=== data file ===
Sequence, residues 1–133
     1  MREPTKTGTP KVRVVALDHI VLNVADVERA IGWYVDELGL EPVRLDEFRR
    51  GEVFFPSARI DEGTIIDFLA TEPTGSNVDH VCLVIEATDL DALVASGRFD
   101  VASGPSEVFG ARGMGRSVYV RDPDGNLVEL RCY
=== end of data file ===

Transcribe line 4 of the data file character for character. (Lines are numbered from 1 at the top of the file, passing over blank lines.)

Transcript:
   101  VASGPSEVFG ARGMGRSVYV RDPDGNLVEL RCY